Links to Think

Links to Think: 14.04.07

April 7, 2014

14.04.07.ltt

How Memory Works: 10 Things Most People Get Wrong – Quite the fascinating article about something that is important to all of us in one way or another.

Post image for How Memory Works: 10 Things Most People Get Wrong

“If we remembered everything we should on most occasions be as ill off as if we remembered nothing.” ~William James
1. Memory does not decay

Everyone has experienced the frustration of not being able to recall a fact from memory. It could be someone’s name, the French for ‘town hall’ or where the car is parked.

So it seems obvious that memories decay, like fruit going off. But the research tends not to support this view. Instead many researchers think that in fact memory has a limitless capacity. Everything is stored in there but, without rehearsal, memories become harder to access. This means it’s not the memory that’s ‘going off’ it’s the ability to retrieve it.”

3. ‘Lost’ memories can live again

There’s another side to the fact that memories do not decay. That’s the idea that although memories may become less accessible, they can be revived.

Even things that you have long been unable to recall are still there, waiting to be woken. Experiments have shown that even information that has long become inaccessible can still be revived. Indeed it is then re-learned more quickly than new information.

This is like the fact that you never forget how to ride a bike, but it doesn’t just apply to motor skills, it also applies to memories.”

6. The foresight bias

Everyone must have experienced this. You have an idea that is so great you think it’s impossible you’ll ever forget it. So you don’t bother writing it down. Within ten minutes you’ve forgotten it and it never comes back.

We see the same thing in the lab. In one study by Koriat and Bjork (2005) people learned pairs of words like ‘light-lamp’, then are asked to estimate how likely it is they’ll be able to answer ‘lamp’ when later given the prompt ‘light’. They are massively over-confident and the reason is this foresight bias. When they get the word ‘light’ later all kinds of other things come to mind like ‘bulb’ or ‘shade’ and the correct answer isn’t nearly as easy to recall as they predicted.”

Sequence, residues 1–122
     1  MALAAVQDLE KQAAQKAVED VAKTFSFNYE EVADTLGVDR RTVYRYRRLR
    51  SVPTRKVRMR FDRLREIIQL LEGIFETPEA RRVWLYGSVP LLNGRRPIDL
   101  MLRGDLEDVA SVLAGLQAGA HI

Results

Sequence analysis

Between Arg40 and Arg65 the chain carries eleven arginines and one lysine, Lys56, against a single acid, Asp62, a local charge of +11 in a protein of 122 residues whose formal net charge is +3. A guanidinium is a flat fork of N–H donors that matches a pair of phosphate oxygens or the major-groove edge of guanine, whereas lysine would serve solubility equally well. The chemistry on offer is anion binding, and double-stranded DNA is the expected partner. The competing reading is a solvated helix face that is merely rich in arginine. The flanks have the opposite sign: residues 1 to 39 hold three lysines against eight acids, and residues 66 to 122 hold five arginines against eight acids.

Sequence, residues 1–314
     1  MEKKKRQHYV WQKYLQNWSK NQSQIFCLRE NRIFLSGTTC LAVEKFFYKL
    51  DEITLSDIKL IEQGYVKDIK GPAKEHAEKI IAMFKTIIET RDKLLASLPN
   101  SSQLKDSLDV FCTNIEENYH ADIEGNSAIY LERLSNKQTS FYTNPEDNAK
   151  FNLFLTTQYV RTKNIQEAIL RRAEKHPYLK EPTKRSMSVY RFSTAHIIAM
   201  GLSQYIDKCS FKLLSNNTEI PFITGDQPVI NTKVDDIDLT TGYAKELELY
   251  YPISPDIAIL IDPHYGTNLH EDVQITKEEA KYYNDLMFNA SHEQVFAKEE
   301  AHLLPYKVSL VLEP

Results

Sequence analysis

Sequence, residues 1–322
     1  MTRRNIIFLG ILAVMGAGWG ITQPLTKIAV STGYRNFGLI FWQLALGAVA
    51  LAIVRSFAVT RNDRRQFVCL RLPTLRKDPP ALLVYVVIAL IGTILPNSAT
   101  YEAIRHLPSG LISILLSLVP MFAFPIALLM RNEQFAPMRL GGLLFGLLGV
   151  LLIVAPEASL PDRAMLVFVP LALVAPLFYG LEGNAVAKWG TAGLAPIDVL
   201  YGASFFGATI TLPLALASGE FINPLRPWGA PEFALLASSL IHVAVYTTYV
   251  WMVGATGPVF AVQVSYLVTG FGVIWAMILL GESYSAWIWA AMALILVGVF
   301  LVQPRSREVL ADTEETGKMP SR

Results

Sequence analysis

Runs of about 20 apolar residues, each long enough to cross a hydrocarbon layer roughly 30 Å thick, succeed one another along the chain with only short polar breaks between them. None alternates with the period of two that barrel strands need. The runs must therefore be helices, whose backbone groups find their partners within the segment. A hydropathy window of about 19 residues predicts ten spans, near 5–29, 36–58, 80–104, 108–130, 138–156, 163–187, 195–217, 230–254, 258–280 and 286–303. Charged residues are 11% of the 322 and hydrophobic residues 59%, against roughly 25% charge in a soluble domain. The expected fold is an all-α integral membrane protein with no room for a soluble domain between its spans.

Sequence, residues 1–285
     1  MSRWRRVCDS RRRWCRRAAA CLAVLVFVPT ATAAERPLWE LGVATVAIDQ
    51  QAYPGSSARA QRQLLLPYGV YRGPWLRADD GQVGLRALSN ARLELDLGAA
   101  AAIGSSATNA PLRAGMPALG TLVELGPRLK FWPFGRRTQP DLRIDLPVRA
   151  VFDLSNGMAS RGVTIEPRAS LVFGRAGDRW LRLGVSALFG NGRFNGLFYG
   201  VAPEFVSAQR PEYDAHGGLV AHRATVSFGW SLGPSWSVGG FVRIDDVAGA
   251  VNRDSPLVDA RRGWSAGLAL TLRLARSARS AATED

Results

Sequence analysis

7. When recall is easy, learning is low

We feel clever when we recall something instantly and stupid when it takes ages. But in terms of learning, we should feel the exact reverse. When something comes to mind quickly, i.e. we do no work to recall it, no learning occurs. When we have to work hard to bring it to consciousness, something cool happens: we learn.

When people’s memories are tested, the more work they have done to construct, or re-construct, the target memory, the stronger the memory eventually becomes. This is why proper learning techniques always involve testing, because just staring at the information isn’t good enough: learning needs effortful recall.”

Here’s How The World’s Most Brilliant People Scheduled Their Days – How people structure their days is quite fascinating, especially when one actually has flexibility to experiment with creating life around what works best (this post includes a video, text, and infographic material.)

“Alas, there are but 24 hours in a day.

And when you have a seemingly insurmountable load of work, it can be a quite a challenge to even know where to start. But remember that history’s most legendary figures — from Beethoven to Beyonce — had just as little (or just as much) time as you have.

Using the book Daily Rituals: How Artists Work by Mason Currey, RJ Andrews atInfo We Trust designed some enlightening visualizations of how history’s most creative and influential figures structured their days. Unfortunately, there is no common prescription for the perfect schedule, and each person had a very different set of rituals.

Based on the charts, we learn that some of history’s icons had more eccentric habits than others. Consider Beethoven, who would painstakingly count out 60 coffee beans for his morning brew:

beethoven

Think your mornings are stressful? French author Victor Hugo would be “awakened by daily gunshot,” before taking an ice-cold, public bath on his roof. He’d also visit the barber every day:

         hugo edit

On a related note, my husband, who works remotely and has slight flexibility in experimenting with his schedule wrote about the 3 most popular ways to structure a work day and how to find the best time of the day to work. (In reality, he works pretty much non-stop through the day, but he’s definitely a morning-crush-it guy!)

 

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